Refined grains may not increase heart disease risk, study finds

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A new study from Arizona State University challenges the commonly held belief that high intakes of refined grains, such as white flour, white rice, and white bread, increase the risk of cardiovascular disease (CVD).

This research indicates that the consumption of these grains does not raise the risk of conditions such as coronary heart disease, heart attack, heart failure, or stroke.

Questioning the Western Diet Paradigm

These findings call for a reconsideration of the Western dietary pattern’s role in future dietary recommendations.

While refined grains are typically included in the Western diet, which also comprises red and processed meats, sugar-sweetened beverages, French fries, and high-fat dairy products, the study suggests that these grains do not contribute to the higher CVD risk associated with this dietary pattern.

Instead, it appears that the actual culprits contributing to the higher CVD risk are foods like red and processed meats and sugar-sweetened beverages.

Details of the Study

The study, led by Dr. Glenn Gaesser and published in Trends in Cardiovascular Medicine, involved an analysis of data from 17 prospective studies, encompassing 877,462 participants.

The focus varied across the studies; some concentrated on staple grain foods like bread, cereal, pasta, and white rice, while others included both staple and indulgent grain foods like cakes, cookies, doughnuts, brownies, muffins, and pastries.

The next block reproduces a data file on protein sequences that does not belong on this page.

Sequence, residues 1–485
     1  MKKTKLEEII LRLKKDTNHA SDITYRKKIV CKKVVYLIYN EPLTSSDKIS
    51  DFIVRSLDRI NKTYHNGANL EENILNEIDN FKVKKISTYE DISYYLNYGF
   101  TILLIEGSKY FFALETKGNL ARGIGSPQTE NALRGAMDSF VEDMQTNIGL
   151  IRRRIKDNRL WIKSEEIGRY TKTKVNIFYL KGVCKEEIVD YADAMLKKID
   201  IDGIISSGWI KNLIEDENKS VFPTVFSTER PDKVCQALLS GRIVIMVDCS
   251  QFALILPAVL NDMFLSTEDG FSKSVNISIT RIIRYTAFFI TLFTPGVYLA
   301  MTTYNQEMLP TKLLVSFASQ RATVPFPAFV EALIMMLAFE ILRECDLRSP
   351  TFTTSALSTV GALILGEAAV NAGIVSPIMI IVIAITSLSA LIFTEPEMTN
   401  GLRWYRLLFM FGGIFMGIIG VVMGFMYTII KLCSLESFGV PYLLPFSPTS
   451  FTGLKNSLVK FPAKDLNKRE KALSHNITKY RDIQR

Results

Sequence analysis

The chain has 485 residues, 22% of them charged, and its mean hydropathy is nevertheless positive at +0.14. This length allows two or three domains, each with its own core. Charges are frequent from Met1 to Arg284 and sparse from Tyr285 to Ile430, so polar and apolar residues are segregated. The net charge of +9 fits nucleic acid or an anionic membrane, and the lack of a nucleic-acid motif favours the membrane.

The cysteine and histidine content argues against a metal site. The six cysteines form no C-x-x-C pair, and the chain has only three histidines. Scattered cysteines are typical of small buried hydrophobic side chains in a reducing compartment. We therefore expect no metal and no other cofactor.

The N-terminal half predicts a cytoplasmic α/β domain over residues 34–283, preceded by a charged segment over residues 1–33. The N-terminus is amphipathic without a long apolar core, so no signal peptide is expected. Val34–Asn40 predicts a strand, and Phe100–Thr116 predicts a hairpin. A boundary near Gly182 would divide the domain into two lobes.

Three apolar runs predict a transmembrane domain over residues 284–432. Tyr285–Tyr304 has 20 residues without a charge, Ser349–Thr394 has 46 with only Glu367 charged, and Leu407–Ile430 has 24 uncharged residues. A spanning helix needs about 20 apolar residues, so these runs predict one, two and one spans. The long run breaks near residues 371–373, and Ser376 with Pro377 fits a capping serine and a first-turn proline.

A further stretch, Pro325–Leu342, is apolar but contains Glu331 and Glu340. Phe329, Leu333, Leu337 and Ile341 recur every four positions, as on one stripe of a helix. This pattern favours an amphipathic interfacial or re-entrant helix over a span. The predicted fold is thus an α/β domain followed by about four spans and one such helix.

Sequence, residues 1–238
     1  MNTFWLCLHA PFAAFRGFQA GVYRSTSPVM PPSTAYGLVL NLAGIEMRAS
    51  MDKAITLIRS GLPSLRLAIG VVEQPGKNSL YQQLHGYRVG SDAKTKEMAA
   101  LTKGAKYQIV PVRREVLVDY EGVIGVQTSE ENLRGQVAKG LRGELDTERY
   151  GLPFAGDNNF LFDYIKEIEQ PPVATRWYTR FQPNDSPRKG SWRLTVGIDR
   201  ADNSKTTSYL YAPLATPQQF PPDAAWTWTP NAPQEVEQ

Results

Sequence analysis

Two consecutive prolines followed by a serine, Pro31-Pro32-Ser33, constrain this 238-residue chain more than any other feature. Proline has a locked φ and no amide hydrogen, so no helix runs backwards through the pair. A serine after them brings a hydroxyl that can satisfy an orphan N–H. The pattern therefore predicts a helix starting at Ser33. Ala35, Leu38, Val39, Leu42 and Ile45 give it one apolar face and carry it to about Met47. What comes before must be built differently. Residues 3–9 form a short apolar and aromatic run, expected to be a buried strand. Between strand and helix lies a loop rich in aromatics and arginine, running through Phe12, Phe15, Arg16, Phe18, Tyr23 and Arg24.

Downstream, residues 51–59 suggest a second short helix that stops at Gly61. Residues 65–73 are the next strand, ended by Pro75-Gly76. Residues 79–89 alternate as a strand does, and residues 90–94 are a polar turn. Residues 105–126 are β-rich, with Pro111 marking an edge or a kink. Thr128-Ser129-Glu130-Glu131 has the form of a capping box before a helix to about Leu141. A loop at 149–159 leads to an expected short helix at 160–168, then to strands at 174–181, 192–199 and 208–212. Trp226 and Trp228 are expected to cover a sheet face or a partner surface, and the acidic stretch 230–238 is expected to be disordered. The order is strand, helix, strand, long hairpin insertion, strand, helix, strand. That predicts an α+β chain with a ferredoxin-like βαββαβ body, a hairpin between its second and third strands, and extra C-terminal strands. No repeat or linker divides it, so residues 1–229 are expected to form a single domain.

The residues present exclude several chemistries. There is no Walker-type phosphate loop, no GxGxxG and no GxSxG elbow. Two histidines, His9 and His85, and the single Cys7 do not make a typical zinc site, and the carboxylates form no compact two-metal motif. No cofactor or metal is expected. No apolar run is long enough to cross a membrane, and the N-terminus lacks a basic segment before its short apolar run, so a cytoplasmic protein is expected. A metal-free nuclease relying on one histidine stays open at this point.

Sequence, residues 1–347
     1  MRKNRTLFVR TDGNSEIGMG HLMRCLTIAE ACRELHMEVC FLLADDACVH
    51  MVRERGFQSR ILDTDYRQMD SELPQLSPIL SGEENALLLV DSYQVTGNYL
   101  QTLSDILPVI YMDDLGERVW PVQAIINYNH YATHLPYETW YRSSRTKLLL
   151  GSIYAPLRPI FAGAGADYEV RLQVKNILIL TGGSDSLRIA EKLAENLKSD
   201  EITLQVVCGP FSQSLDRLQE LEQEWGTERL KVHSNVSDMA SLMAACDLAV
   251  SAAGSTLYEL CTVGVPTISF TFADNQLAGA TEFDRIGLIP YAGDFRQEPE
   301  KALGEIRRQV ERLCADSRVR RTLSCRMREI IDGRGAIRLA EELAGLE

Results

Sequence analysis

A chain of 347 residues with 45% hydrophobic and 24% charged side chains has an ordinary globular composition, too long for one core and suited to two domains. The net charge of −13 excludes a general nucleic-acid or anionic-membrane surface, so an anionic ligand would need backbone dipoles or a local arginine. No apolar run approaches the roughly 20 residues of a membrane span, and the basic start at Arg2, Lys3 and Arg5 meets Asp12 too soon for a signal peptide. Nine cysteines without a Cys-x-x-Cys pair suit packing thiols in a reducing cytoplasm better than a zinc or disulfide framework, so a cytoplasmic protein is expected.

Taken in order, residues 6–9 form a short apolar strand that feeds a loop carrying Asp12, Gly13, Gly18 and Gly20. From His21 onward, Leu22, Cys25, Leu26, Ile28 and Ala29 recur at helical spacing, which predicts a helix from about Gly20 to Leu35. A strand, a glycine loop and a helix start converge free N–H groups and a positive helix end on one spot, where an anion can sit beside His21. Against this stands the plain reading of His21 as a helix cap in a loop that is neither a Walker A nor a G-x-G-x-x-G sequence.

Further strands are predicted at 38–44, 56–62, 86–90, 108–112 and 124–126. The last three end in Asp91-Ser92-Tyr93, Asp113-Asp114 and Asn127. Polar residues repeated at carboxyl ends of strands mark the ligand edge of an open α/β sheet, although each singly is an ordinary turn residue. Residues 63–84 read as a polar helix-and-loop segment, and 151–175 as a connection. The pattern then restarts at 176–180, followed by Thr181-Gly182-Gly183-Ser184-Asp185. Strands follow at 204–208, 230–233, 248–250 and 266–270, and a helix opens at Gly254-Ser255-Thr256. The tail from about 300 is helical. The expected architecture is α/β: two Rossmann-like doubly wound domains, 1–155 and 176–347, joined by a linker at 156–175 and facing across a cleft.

Despite the varied focus, the study found no association between the intake of refined grains and increased CVD risk.

Refined grains are grains that have undergone milling, a process that removes the bran and germ to increase the grain’s shelf life.

This process does remove some of the original fiber and B vitamins from the food, but these are often enriched with additional B vitamins and iron.

Implications for Future Dietary Guidelines

The researchers hope these new results will be taken into account when formulating future dietary guidelines for Americans.

They argue that while it’s essential to promote the consumption of whole-grain foods, this doesn’t have to be at the expense of refined-grain foods.

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